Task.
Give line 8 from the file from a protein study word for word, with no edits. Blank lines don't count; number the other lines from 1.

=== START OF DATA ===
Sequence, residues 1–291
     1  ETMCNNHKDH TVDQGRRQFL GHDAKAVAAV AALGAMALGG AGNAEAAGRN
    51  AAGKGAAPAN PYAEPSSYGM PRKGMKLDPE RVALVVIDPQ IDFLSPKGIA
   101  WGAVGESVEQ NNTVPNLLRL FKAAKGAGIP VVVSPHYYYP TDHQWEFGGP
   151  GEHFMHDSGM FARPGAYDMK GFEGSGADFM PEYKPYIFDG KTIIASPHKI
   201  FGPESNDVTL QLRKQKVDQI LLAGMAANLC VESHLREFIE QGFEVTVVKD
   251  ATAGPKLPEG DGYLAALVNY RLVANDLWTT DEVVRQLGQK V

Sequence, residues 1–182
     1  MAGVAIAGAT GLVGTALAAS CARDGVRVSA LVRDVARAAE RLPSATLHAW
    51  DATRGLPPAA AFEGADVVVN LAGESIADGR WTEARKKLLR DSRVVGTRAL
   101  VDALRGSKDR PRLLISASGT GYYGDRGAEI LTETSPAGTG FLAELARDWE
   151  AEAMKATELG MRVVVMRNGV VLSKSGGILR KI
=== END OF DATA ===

Sequence, residues 1–182